the policing for health and comfort, the construction of new sinks when necessary and the daily throwing in of lime and mold to prevent bad odors will be entirely under the supervision of the sergeants of prisoners.
8. Vessels for the washing of clothing and ropes for clotheslines will be furnished, and no bed or other clothing will be out on roof tops or on fences.
9. Prisoners will carefully avoid interrupting sentinels in the discharge of their duty, and especially will not curse them, use abusive language or climb onto fences or treats, as the sentinels are ordered to fire if such offense occurs after three positive and distinct orders to desist, even in daytime. At night only one warning will be given to any one climbing on the fence tops.
10. A prisones' fund will be created by the deduction as heretofore of small amounts from the reations of beef, bread, beans, &c., a schedule of which will be placed at the commissary department. Thus fund will be used for the purchase of tobacco, stationery, stamps and such other articles as the chiefs of divisions may report, and which should be drawn on requisitions handed in by first sergeants between 9 and 10 a. m. each day.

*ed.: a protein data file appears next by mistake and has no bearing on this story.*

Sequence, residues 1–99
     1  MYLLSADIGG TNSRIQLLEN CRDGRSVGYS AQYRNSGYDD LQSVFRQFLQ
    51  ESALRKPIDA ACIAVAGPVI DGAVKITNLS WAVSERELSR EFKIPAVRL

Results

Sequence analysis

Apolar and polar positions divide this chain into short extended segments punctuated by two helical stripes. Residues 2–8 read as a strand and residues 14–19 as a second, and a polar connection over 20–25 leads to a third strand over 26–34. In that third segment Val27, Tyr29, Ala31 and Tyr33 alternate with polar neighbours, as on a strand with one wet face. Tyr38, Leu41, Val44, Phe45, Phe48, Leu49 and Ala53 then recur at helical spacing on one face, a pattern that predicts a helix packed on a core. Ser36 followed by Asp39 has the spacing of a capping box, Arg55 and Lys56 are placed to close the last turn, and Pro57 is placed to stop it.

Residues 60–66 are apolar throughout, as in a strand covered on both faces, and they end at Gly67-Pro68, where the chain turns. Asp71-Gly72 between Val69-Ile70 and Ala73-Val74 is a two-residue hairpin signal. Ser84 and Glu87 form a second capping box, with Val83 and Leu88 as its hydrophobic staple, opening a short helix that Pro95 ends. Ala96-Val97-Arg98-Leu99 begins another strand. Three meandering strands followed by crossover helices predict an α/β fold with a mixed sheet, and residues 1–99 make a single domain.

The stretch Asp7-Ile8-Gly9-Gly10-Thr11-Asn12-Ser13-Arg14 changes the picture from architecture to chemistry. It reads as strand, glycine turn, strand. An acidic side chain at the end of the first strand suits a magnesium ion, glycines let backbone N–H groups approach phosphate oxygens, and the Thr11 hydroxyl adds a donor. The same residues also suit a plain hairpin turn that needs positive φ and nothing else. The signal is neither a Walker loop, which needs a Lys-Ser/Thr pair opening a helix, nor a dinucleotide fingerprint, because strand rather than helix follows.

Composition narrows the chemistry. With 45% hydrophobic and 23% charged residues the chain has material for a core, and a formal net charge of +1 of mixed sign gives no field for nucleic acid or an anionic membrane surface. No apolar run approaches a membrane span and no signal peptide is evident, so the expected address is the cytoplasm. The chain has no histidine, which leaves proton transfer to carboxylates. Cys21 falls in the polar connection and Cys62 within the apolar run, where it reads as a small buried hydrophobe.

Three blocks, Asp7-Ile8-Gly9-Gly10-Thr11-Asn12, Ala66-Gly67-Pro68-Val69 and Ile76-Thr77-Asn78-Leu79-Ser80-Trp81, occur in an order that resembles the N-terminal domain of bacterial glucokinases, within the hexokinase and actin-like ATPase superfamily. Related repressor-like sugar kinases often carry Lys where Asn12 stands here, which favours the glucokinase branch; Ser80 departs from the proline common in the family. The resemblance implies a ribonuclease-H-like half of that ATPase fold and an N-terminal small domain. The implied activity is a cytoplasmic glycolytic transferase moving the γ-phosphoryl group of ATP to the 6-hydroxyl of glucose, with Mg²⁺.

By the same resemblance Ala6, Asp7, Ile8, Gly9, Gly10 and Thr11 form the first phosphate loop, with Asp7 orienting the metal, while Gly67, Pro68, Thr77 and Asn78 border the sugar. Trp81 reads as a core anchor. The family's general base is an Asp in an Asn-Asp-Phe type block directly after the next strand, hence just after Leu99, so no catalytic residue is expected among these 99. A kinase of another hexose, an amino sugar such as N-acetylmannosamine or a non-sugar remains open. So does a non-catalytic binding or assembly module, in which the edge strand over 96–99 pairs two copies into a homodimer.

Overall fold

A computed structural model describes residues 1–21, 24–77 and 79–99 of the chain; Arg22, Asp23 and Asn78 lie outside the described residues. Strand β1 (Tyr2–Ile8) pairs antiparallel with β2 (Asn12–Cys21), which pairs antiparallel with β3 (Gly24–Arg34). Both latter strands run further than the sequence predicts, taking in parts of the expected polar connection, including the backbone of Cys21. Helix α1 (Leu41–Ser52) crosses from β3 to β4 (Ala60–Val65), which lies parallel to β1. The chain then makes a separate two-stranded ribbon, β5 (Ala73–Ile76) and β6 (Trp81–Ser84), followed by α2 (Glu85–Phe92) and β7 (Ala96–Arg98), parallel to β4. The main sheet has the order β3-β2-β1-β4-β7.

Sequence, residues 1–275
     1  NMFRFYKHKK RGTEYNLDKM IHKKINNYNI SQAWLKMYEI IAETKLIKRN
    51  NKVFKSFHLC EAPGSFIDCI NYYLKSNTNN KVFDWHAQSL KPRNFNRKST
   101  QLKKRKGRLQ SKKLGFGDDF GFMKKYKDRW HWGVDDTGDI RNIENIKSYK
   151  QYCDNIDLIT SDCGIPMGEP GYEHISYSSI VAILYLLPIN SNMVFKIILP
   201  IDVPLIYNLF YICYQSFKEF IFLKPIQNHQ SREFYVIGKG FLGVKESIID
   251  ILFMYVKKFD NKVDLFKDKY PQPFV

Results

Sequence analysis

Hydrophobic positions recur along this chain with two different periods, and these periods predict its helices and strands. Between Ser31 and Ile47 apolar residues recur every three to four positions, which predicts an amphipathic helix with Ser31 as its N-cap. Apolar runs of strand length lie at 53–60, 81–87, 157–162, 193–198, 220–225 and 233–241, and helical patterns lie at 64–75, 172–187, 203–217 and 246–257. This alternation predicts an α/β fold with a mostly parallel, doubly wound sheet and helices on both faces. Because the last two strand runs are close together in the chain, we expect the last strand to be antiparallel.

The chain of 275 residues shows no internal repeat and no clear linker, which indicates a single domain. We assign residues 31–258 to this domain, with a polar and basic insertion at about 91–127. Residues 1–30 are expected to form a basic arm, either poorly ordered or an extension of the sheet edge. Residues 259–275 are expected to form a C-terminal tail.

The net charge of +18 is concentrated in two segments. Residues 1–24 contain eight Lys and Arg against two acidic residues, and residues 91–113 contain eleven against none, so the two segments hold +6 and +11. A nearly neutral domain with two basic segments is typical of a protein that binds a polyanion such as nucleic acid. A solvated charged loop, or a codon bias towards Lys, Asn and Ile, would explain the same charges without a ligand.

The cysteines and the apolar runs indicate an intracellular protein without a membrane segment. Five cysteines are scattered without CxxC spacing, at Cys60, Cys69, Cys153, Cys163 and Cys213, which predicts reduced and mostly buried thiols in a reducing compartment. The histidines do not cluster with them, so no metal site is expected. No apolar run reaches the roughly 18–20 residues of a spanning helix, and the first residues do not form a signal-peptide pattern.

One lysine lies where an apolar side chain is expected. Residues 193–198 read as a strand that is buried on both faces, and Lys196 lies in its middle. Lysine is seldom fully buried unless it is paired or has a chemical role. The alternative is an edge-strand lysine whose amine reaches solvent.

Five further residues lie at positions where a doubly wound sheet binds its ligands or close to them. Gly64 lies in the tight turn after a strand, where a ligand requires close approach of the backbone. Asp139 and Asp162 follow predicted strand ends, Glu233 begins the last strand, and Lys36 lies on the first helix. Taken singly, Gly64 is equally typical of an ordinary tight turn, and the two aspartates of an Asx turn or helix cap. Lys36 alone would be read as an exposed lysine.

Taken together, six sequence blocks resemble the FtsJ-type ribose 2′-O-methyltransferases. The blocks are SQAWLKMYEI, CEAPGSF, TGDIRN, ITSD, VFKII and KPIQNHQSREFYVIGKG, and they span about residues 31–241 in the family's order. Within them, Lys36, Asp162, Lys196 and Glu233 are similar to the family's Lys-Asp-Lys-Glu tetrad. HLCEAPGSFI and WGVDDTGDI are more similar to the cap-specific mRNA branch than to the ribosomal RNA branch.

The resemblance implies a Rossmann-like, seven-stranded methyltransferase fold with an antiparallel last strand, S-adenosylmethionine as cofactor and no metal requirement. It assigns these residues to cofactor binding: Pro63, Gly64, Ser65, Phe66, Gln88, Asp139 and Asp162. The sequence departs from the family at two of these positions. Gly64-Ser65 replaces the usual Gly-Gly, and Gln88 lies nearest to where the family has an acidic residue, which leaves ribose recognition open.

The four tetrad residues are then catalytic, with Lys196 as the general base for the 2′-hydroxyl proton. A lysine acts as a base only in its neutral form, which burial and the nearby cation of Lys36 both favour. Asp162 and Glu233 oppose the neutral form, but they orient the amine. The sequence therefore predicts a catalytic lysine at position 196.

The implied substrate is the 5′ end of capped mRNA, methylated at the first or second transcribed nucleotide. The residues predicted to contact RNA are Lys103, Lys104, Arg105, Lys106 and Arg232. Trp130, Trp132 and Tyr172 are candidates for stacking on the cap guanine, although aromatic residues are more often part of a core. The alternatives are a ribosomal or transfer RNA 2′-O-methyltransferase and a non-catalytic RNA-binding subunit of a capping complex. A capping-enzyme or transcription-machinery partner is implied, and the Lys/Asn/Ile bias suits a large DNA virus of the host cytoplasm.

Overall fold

11. Every endeavor will be made by the commandant to give each and every prisoners as much liberty and comfort as is consistent with orders received and with an equal distribution of the means at disposal, provided such indulgence never leads to any abuse of the privileges.
DEPARTMENT OF STATE, Washington, May 5, 1862.
Honorable GIDEON WELLES, Secretary of the Navy.
SIR: As it is understood that when Mr. Tunstall was delifvered to the U. S. ship Ino certain property was taken from him by the commander of that vessel, I will thank you to instruct that officer to restore the same to Mr. Tunstall, it being believed that there was not sufficient ground for the proceeding.
I have the honor to be, sir, your obedient servant,
WILLIAM H. SEWARD.
DEPARTMENT OF STATE, Washington, May 5, JUSTIN DIMICK, Fort Warren, Boston.
COLONEL: Your are authorized to release Thomas T. Tunstall, a plitical prisoner, arrested at Tangier in Morocco, subsequently brought to this country and committed to Fort Warren. The condition of his release is that he takes the oath of allegiance to the United States.
I am, your very obedience servant,
WILLIAM H. SEWARD.
P. S. - The Navy Department has been requested to direct the officer who took Mr. Tunstall's property to return the same.
HEADQUARTERS, May 5, 1862.
Major FLINT, Louisville:
Major-General Buell directs that all rebel prisoners in Kentucky be sent to camp Chase; those who are wounded must besent as soon as they can be moved. Confer with the provost-marshal and see to the